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What Types of Medical Expenses are Covered by a Section 105 Plan?

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Qualified medical expenses under a Section 105 plan include amounts paid for the diagnosis, cure, treatment, or prevention of disease, or for affecting any structure or function of the body. Qualified expenses also include any relevant transportation to receive medical care. Lodging expenses up to fifty dollars per day to receive specialized care in a specific location are reimbursable, so long as there is not a vacation element to receiving the medical care in that location.

A Section 105 plan can also include qualified long-term care services. Specific yearly premium amounts that are fully deductible using Section 105 plans include the below:

  • 40 years old or less:                 $200 per year
  • Between 40 and 50 years old:  $375 per year
  • Between 50 and 60 years old:  $750 per year
  • Between 60 and 70 years old:  $2,000 per year
  • More than 70 years old:           $2,500 per year

Typical medical expenses that can be reimbursed through a Section 105 plan include health insurance premiums, deductibles, physician fees, prescription costs, dental care fees, vision care fees, chiropractor fees, psychiatric care fees, hospital bills, laboratory fees, orthodontics costs, and medical supplies costs. Also included are acupuncture, capital expenses to modify the home for a disability, hearing aids, laboratory fees, nursing home and services, smoking cessation programs, substance abuse treatment, therapy, transplants, wheelchairs and X-rays.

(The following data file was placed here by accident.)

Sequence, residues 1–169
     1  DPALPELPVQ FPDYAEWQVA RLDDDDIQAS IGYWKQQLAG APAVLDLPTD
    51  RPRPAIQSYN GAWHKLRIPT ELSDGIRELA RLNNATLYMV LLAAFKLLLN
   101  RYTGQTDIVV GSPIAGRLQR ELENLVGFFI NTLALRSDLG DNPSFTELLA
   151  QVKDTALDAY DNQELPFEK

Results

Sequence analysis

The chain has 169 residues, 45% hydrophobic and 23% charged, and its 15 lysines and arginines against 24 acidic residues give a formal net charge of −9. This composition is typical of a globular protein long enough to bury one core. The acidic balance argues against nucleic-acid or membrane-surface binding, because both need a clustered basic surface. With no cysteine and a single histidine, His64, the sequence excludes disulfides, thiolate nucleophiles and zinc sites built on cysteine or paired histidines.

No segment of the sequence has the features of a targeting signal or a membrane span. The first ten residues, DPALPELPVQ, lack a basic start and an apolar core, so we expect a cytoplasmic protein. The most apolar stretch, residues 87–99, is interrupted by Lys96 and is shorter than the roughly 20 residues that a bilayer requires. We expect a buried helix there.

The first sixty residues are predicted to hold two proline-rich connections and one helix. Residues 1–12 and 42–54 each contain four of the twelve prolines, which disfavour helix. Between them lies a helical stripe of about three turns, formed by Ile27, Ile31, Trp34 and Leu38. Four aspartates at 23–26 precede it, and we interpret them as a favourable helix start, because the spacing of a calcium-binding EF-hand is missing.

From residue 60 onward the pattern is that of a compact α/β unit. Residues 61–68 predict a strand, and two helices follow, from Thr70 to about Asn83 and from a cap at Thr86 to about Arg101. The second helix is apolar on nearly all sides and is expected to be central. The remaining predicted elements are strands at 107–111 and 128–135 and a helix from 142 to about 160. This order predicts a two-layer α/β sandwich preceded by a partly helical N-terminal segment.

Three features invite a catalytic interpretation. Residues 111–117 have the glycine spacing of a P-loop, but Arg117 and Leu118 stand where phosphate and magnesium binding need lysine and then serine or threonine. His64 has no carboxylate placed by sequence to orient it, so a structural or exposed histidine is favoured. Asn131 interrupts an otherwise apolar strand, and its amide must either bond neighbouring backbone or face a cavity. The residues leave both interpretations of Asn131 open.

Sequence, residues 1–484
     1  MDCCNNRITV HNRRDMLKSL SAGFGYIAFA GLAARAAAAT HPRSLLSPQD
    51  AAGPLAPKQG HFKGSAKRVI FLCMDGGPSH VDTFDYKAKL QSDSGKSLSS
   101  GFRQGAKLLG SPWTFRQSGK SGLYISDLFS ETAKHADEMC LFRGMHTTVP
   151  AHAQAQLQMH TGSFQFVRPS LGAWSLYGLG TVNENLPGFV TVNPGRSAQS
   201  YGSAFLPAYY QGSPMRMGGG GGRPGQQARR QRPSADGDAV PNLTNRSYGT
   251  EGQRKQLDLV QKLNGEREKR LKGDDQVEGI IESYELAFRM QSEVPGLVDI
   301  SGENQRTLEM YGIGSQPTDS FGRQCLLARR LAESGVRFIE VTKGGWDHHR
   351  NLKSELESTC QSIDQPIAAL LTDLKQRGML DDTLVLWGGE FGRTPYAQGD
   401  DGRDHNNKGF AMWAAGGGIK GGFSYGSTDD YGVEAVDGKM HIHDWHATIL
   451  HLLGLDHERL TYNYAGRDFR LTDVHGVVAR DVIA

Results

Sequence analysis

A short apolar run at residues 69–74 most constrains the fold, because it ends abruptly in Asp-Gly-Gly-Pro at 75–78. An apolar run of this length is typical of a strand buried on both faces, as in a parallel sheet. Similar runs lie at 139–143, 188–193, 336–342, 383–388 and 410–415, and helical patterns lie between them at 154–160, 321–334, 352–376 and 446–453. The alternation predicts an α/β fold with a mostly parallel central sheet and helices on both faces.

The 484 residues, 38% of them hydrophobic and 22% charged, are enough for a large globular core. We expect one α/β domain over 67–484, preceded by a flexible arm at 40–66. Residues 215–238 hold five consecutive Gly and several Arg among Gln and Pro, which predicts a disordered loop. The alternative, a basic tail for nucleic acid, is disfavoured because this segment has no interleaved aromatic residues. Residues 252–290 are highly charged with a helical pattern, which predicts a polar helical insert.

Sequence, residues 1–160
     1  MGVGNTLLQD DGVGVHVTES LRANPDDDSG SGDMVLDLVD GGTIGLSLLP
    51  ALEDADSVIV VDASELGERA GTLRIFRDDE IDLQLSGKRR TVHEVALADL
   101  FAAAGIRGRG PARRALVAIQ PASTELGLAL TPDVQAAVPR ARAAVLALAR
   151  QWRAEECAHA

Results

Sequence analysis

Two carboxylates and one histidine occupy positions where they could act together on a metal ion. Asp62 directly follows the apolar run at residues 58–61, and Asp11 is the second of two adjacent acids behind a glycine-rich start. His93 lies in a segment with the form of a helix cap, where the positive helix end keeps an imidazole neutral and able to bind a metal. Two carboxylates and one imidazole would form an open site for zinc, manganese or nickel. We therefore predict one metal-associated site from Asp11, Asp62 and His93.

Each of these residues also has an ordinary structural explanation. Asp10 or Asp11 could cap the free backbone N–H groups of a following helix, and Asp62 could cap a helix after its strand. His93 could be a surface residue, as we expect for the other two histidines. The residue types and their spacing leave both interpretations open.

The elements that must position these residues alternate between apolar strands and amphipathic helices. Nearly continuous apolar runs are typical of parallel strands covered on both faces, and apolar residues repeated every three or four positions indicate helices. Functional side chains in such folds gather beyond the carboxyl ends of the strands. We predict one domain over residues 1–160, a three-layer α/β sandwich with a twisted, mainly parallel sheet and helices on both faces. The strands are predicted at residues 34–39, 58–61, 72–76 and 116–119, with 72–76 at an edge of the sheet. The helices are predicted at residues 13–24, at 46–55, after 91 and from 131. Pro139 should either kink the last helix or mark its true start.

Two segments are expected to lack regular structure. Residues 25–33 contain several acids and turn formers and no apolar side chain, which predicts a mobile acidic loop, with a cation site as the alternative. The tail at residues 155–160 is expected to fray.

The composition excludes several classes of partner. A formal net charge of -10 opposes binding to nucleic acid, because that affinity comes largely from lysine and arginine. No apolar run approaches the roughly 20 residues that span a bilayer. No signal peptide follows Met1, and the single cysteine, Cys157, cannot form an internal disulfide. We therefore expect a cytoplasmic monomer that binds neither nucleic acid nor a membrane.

Expenses that are not reimbursable through a Section 105 plan include babysitting services for a healthy child, controlled substances that are not legal under federal law, cosmetic surgery that does not treat a disease or correct a disfigurement, dancing or swimming lessons, diaper services, electrolysis or hair removal, funeral expenses, future medical care, hair transplants, health club dues, household help, medicines or drugs that were imported from other countries, nonprescription drugs and medicines, nutritional supplements, personal use items (such as toothbrush and toothpaste), teeth whitening, veterinary fees, or weight-loss programs.

Let’s look at an example of Jane, who spends $10,000 in 2018 on medical-related fees, indicated below:

  • $5,000                         Medical Premiums
  • $500                            Prescriptions
  • $250                            Co-pays for physician visits
  • $250                            Nutritional supplements
  • $1,000                         X-ray to diagnose a back injury
  • $1,500                         Dental crown
  • $500                Teeth whitening
  • $750                            Hair removal
  • $250                            Gym fees

Jane may be reimbursed for $8,500 of these expenses. Teeth whitening, hair removal and gym fees are non-qualified medical expenses under Section 105 plans and cannot be reimbursed on a tax-free basis.